Which FAVOR/ FAVOUR WILL YOU USE?
A lot of people wonder why words such as color, honor, favor and harbor are sometimes spelled with an –our instead of just an –or ending.
Simply put, it’s all a case of you say “to-MAY-toe” I say “to-MAH-toe” –both are correct. Generally, Americans and other countries that use American English spell these words with an –or ending. On the other hand British English (English used in the UK) as well as Australian, New Zealand English, and Canadian English among others, uses the –our spelling.
It all started with Noah Webster, known as the “Father of American Scholarship and Education” and the man who reformed the English language to make it uniquely American. Noah Webster is more popularly known as the English Spelling Reformer, responsible for authoring the Merriam-Webster Dictionary. George and Charles Merriam, the publishers who secured the rights to Webster’s dictionary, published a greatly expanded edition in 1864 under the title “An American Dictionary.”
Webster, a teacher who taught at American Elementary Schools, believed that the English Language was corrupted by the British Aristocracy with unnecessarily complicated spellings. This made the language difficult to grasp for Americans of the time who spelled, pronounced, and used English words differently. He dropped the “u” from words like colour, humour, behaviour, neighbour, honour, favour and many other words that ended in an unstressed “or” sound –hence American English spells such words with just an –or ending.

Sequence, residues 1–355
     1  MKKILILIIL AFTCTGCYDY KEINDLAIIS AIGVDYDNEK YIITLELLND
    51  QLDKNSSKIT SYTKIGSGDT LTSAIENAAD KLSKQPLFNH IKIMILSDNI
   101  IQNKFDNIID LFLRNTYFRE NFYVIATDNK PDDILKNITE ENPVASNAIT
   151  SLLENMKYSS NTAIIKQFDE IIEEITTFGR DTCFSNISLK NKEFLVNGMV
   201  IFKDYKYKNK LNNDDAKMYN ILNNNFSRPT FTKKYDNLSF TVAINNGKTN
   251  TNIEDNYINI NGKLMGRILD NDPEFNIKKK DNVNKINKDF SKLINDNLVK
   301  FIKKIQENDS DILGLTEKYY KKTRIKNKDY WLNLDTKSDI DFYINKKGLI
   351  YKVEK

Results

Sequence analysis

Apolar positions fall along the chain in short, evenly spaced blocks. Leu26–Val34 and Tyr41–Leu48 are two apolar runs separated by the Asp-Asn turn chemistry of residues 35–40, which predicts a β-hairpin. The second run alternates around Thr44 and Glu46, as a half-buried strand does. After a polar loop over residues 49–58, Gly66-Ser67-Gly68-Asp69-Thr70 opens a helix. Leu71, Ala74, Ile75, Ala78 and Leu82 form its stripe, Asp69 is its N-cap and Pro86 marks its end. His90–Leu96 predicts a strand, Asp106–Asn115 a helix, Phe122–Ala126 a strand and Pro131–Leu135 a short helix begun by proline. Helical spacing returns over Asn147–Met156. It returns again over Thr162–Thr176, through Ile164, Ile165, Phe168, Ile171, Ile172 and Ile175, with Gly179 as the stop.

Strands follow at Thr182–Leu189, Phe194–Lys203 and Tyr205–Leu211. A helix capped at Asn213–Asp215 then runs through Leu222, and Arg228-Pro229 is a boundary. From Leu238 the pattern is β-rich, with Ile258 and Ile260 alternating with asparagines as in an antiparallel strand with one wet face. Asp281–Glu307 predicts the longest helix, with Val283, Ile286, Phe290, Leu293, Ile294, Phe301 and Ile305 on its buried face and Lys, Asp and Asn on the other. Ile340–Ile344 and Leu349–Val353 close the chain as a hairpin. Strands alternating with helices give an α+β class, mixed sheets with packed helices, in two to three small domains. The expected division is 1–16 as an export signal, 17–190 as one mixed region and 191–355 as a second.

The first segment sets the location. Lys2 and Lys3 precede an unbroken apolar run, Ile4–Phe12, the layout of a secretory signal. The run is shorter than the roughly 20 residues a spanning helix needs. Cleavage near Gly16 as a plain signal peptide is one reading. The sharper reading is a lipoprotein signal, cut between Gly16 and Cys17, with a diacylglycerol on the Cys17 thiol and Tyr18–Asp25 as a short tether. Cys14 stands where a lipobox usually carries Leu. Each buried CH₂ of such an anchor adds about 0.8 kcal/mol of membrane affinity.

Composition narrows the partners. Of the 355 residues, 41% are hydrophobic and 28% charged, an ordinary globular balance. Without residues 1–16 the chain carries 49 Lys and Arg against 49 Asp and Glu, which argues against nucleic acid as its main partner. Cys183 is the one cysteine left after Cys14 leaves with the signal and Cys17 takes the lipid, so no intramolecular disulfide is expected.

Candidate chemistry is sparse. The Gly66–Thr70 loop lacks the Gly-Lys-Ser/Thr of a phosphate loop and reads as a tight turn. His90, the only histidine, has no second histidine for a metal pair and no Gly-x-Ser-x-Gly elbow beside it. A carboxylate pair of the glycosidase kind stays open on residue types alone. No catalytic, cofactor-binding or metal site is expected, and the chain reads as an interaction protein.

Such changes greatly distinguished American English from British English giving it a unique identity. Among other popular spelling changes that were authored by Webster were changing words ending in –re such as theatre and centre to theater and center and favoring s over c for words such as defence and offence.
Webster advocated that words should be spelled as they are pronounced and also suggested spelling changes such as w-i-m-m-e-n in place of “women” and t-u-n-g for tongue, however, these among others were heavily opposed as being too radical.
Below is a list of words that are spelled with –or in American English and –our in British English:
|British English Spelling||American English Spelling|